The Production of Hindu-Muslim Violence in Contemporary India

Paul R. Brass

  • Published: July 2015
  • Subject Listing: Asian Studies / South Asia; Anthropology
  • Bibliographic information: 448 pp., 34 illus., 6 x 9 in.
  • Territorial rights: World Rights
  • Contents

Chronic Hindu-Muslim rioting in India has created a situation in which communal violence is both so normal and so varied in its manifestations that it would seem to defy effective analysis. Paul R. Brass, one of the world's preeminent experts on South Asia, has tracked more than half a century's riots in the north Indian city of Aligarh. This book is the culmination of a lifetime's thinking about the dynamics of institutionalized intergroup violence in northern India, covering the last three decades of British rule as well as the entire post-Independence history of Aligarh.

Brass exposes the mechanisms by which endemic communal violence is deliberately provoked and sustained. He convincingly implicates the police, criminal elements, members of Aligarh's business community, and many of its leading political actors in the continuous effort to "produce" communal violence. Much like a theatrical production, specific roles are played, with phases for rehearsal, staging, and interpretation. In this way, riots become key historical markers in the struggle for political, economic, and social dominance of one community over another.

In the course of demonstrating how riots have been produced in Aligarh, Brass offers a compelling argument for abandoning or refining a number of widely held views about the supposed causes of communal violence, not just in India but throughout the rest of the world. An important addition to the literature on Indian and South Asian politics, this book is also an invaluable contribution to our understanding of the interplay of nationalism, ethnicity, religion, and collective violence, wherever it occurs.
Paul R. Brass is professor emeritus of political science at the University of Washington. He is the author of many books including Theft of an Idol and Riots and Pogroms.

"Brass is the leading South Asia political scientist in North America, and he brings to this work a maturity and a wealth of field experience unmatched by others."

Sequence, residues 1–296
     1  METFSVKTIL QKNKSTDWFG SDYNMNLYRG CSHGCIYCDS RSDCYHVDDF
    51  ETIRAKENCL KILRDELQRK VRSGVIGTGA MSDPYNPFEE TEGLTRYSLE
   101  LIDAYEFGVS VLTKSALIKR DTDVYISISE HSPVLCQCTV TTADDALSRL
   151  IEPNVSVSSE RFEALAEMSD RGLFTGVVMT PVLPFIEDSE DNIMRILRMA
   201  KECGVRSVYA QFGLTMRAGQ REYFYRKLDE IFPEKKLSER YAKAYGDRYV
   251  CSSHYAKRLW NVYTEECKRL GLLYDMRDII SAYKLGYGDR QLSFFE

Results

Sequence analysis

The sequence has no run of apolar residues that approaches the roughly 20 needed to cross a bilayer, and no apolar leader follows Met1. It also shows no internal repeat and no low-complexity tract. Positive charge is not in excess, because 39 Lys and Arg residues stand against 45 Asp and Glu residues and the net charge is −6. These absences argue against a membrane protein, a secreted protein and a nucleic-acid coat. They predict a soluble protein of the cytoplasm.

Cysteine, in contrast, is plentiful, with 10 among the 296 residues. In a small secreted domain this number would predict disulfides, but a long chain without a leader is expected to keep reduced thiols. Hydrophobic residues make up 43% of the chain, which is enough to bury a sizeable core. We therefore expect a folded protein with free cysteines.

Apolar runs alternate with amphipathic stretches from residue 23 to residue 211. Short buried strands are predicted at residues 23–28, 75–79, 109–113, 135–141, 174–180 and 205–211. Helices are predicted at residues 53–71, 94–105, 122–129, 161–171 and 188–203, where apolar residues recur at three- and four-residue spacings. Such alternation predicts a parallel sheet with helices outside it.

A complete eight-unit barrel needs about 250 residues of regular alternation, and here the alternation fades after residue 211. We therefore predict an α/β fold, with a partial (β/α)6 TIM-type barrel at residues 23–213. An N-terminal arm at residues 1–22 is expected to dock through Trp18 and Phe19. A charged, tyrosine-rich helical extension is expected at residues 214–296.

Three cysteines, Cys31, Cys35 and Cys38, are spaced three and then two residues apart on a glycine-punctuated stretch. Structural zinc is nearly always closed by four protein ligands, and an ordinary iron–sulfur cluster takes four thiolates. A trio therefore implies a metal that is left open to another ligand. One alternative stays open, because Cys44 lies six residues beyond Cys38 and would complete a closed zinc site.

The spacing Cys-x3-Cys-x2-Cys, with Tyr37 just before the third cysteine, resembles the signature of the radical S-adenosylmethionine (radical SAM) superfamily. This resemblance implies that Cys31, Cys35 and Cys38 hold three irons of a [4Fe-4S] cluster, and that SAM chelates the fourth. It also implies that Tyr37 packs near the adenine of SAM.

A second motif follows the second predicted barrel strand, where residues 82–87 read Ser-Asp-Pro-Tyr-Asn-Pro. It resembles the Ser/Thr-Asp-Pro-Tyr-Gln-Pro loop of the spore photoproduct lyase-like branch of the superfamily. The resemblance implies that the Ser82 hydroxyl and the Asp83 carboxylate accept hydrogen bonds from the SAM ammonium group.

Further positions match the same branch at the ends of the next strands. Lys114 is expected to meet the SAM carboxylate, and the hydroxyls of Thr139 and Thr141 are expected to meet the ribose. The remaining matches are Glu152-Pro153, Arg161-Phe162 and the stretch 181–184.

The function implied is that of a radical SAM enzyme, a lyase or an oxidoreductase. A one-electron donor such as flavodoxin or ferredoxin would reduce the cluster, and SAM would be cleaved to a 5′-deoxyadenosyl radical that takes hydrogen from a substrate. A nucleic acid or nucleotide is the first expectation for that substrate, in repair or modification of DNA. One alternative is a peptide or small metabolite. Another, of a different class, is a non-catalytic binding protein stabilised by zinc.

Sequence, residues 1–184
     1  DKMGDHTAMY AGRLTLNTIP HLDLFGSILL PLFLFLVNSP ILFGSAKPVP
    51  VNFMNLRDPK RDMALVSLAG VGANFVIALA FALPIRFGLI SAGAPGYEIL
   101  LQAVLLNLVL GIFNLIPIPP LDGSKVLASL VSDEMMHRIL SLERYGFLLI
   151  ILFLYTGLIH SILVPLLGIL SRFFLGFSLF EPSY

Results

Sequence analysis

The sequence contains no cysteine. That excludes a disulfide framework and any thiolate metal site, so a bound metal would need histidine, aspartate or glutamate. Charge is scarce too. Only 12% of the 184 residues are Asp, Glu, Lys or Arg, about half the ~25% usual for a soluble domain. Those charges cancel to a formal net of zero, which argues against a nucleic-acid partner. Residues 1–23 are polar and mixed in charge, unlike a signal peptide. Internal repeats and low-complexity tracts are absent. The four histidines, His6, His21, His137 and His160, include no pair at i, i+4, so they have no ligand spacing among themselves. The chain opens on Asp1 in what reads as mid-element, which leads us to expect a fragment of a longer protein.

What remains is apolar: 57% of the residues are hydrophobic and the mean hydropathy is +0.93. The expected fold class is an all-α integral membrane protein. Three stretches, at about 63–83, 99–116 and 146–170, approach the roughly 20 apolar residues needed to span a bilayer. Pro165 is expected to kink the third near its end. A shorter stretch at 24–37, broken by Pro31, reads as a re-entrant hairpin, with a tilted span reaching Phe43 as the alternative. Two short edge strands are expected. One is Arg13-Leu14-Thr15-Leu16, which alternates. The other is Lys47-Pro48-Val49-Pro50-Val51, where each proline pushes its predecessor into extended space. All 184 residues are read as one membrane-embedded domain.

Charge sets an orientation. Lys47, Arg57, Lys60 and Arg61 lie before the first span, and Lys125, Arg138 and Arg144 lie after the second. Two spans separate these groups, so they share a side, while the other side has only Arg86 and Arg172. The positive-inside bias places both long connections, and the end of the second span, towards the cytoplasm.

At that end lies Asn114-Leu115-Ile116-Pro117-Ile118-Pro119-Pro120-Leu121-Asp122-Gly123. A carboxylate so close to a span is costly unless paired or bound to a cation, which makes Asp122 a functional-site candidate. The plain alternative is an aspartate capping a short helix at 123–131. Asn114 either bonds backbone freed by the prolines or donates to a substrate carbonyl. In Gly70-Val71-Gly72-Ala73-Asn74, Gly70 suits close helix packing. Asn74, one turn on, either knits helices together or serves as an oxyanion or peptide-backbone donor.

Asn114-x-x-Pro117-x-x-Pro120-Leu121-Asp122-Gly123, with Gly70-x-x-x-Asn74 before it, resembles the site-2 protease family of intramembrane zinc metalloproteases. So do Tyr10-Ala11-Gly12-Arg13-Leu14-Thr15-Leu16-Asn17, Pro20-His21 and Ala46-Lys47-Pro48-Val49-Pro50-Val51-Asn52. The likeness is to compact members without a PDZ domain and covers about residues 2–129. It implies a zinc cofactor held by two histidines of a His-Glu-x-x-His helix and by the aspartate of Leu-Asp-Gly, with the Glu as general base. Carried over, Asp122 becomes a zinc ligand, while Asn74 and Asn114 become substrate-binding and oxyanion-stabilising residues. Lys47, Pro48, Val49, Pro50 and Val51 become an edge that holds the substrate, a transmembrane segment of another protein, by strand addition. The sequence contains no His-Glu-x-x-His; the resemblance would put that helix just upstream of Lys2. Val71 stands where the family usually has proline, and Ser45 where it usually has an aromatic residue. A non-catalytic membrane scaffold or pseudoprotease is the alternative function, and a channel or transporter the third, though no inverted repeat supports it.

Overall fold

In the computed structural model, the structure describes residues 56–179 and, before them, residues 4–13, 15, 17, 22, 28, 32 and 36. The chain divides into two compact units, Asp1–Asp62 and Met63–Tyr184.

-N. Gerald Barrier, University of Missouri
Abbreviations Used in This Book
Maps, Figures, and Tables
Preface and Acknowledgments

Part I / Introduction
1. Explaining Communal Violence

Part II / Communal Riots in India and Aligarh
2. Aligarh: Politics, Population, and Social Organization
3. Hindu-Muslim Violence in India and Aligarh
4. The Great Aligarh Riots of December 1990 and January 1991
5. The Control of Communal Conflict in Aligarh

Part III / Demographic, Social, and Economic Factors in the Production of Riots
6. The Geography and Demography of Riots
7. The Economics of Riots: Economic Competition and Victimization

Part IV / Riots and the Political Process
8. Riots and Elections
9. The Practice of Communal Politics
10. Communalization and Polarization: Selected Constituency-Wise Results for Aligarh Elections
11. Communal Solidarity and Division at the Local Level
12. The Decline of Communal Violence and the Transformation of Electoral Competition

Part V / The Process of Blame Displacement
13. Riot Interpretation, Blame Displacement, and the Communal Discourse
14. Police Views of Hindu-Muslim Violence
15. The Role of the Media

Part IV / Conclusion
16. The Persistence of Hindu-Muslim Violence: The Dynamics of Riot Production

Postscript: Aligarh and Gujarat
Index of Mohallas

"Paul R. Brass is the most distinguished political scientist working on Indian politics today..[This is] an outstanding work that marks a radical new departure in the study of riots in India and, probably, much more broadly."
-Ethnic and Racial Studies

"In this important book, Brass has collected a quite astounding amount of material on elections, caste politics, and the geography of riots and their morphology. The book contains a wealth of detailed observations about political parties, economic actors, and developments, as well as the geography of rioting, which makes it a landmark study of South Asian politics."
-Contemporary Sociology